First, it needs to be said that I was not a good choice to review this book. Readers of Aristotle’s Poetics generally fall into two categories (though some happily belong to both): those who care about tragedy and those who care about Aristotle. Belfiore belongs to the second. The strengths of her work lie in the links she makes between the Poetics and other works of Aristotle, and the section I found most convincing was the account of catharsis in the biological works. On the other hand, I was disappointed both by her own readings of tragedy and by those of her Aristotle.
She argues that Aristotle elsewhere treats catharsis as mainly an allopathic process, in which drugs, for instance, are able to remove unhealthy residues from the body because they are opposite in certain respects—cold rather than hot, for instance. So she claims that tragedy, through pity and fear, purifies the soul of antisocial emotions such as anger and pride, leaving it in a state of moderation and
This account (like every other attempt to explain what Aristotle means by catharsis) presents a number of problems. Its opening stages are modeled on the Platonic elenchus and on her own understanding of tragic experience; I don’t see much basis in Aristotle for it, and it seems contrived in order to connect shameful desires with tragic fear.
However, I am fairly certain that this interpretation cannot be right simply on the Greek. I may have been prejudiced against the whole volume because right from the start I saw difficulties in an allopathic interpretation of the words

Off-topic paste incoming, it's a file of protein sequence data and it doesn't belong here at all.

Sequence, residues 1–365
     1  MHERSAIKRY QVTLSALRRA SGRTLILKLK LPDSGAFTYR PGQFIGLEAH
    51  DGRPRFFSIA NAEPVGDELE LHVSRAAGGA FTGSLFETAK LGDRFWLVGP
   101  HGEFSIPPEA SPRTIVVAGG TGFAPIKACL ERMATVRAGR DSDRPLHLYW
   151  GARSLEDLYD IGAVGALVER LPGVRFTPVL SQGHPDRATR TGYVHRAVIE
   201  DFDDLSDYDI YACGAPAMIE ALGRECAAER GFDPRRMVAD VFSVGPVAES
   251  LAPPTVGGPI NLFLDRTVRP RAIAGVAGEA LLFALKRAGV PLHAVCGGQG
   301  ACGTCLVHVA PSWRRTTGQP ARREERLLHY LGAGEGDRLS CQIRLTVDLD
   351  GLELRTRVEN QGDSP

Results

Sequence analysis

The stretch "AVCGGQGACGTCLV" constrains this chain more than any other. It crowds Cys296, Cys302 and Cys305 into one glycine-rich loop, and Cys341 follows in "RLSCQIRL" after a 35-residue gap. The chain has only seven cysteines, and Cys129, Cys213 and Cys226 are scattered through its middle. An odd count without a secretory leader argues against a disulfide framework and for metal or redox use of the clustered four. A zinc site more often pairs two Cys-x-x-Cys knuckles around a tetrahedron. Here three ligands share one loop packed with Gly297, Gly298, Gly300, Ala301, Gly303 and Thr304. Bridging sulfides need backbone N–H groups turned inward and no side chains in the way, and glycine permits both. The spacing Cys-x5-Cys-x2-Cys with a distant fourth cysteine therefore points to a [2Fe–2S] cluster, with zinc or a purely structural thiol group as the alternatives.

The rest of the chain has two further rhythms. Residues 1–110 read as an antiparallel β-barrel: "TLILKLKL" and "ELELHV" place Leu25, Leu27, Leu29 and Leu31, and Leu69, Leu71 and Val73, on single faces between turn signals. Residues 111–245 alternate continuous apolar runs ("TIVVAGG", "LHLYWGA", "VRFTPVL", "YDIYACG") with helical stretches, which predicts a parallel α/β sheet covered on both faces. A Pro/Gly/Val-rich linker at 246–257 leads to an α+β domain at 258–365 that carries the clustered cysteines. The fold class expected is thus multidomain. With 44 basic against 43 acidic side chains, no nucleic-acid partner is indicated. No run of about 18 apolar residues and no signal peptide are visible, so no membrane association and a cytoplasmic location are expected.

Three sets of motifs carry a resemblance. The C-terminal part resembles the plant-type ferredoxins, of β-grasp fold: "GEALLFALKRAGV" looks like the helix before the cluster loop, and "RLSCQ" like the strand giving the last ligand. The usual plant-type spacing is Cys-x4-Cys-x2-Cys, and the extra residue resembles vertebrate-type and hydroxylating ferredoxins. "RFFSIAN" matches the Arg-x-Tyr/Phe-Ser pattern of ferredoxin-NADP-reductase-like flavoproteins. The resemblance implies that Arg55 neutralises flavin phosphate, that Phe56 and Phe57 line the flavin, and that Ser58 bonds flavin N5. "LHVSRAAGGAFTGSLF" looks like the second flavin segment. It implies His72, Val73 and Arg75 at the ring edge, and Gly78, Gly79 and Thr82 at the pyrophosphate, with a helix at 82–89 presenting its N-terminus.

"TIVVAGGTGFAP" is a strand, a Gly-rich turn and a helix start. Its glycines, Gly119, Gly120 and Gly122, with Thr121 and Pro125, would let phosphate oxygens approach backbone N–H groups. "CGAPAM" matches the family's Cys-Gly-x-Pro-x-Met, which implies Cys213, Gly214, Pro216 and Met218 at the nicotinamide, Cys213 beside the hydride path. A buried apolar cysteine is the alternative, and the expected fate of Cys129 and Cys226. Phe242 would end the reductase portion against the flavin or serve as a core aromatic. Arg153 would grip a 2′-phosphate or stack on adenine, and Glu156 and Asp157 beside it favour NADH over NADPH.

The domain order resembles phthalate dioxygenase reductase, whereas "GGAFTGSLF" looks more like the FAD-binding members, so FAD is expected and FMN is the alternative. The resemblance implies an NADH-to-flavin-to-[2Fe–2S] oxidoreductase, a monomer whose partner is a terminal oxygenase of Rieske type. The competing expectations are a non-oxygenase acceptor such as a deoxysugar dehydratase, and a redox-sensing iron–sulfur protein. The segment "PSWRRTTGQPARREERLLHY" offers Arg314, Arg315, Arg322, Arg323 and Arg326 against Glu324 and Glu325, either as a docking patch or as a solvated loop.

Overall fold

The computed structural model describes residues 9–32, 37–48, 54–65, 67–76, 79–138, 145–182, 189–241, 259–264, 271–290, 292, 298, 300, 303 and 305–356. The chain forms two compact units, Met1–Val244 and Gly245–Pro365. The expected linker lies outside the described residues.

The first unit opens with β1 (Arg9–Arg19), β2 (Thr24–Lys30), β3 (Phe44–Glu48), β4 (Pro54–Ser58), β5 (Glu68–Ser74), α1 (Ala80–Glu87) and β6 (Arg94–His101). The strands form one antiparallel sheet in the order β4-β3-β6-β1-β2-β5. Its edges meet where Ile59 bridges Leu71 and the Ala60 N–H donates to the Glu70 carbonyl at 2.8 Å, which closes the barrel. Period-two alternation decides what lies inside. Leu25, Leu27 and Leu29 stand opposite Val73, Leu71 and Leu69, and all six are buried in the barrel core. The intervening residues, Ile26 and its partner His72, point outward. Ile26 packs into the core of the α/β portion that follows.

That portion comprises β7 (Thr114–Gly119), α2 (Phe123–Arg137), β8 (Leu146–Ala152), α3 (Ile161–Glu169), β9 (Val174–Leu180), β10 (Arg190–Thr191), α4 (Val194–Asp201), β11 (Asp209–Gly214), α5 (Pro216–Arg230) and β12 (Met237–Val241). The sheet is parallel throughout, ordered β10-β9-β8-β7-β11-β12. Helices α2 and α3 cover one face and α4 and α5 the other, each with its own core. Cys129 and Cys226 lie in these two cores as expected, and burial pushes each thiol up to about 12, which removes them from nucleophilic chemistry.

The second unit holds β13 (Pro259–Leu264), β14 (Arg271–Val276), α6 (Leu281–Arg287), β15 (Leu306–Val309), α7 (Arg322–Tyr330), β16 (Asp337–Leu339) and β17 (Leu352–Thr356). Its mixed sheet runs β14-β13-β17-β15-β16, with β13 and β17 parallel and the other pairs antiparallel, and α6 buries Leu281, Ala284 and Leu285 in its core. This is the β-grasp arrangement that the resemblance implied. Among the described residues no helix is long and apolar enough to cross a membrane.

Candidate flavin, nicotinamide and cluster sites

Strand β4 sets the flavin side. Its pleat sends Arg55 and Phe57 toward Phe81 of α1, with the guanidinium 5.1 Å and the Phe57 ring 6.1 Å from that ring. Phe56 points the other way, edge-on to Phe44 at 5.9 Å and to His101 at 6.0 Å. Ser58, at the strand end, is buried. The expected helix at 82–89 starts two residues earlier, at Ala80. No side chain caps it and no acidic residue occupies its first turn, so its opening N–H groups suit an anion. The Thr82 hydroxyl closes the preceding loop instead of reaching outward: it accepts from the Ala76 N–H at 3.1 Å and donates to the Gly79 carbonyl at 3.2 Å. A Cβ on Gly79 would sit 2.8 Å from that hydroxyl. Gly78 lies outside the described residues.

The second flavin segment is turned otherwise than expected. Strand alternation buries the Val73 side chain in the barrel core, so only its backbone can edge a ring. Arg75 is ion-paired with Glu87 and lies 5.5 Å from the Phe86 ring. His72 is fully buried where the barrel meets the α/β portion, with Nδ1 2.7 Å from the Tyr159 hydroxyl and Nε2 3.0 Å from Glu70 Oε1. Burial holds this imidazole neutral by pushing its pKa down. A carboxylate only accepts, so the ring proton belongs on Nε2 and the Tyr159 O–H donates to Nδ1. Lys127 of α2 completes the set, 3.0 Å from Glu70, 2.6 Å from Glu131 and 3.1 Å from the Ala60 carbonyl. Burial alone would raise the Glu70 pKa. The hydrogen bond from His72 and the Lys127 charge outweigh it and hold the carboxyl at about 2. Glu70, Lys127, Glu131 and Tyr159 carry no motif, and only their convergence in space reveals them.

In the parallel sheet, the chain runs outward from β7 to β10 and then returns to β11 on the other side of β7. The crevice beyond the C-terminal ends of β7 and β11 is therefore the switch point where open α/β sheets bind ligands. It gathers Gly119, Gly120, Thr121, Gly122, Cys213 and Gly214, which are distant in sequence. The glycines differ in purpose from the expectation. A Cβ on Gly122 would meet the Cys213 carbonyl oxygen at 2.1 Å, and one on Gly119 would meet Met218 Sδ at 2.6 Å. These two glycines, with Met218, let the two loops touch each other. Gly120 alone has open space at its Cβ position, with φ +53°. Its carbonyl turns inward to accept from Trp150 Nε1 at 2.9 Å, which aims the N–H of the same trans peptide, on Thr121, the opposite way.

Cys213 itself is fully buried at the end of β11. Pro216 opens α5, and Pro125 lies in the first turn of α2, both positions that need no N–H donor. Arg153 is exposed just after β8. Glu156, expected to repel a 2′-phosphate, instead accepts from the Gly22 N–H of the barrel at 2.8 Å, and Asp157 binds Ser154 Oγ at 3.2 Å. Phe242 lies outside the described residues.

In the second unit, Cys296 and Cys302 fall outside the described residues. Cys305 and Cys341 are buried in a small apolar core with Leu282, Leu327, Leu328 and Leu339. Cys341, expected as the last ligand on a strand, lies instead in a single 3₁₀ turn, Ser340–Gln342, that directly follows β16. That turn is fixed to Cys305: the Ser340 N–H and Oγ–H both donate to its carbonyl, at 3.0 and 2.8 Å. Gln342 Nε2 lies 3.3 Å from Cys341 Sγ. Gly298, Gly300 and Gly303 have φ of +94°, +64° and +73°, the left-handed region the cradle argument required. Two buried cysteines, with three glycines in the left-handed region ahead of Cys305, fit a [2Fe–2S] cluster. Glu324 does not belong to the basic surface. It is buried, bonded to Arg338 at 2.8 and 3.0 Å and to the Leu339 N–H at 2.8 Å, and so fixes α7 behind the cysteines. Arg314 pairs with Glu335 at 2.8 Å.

She discusses Iliad 24 at some length as an example of catharsis, and although I find her account somewhat reductive, I am willing to accept it as partially accurate: Achilles is purged of his excessive anger and lack of shame through his pity and fear in response to Priam’s appeal. Still, he is not really purged of his tendency to anger; he himself warns Priam that if the old man annoys him he might kill him. Surely if catharsis is to be seriously useful, it must do more than calm immediate outbursts; people do not usually go into the theater in states of rage. So one needs to consider how the experience of the reader or spectator is related to that of the character. There is no doubt that in everyday life excessive anger can be reduced by pity, where that pity is directed at those against whom we have been angry. But in tragedy our pity is directed at characters with whom we have not been angry. Nor is Iliad 24, for all its tragic mood, in any way typical of a tragic plot.
In one respect she seems to me to misrepresent Aristotle, namely in her treatment of shame. For her, Aristotle’s insistence on the importance of
Belfiore is strongest in reading the Poetics in the light of the rest of the corpus, especially the biological works. She certainly makes it impossible to believe that catharsis is a straightforward homeopathic process in which we are purged of excessive pity and fear. Though I was not convinced, and I doubt that others will be, this is a thoughtful and careful book which should render us all a good deal more thoughtful and careful in reading this extraordinarily difficult text.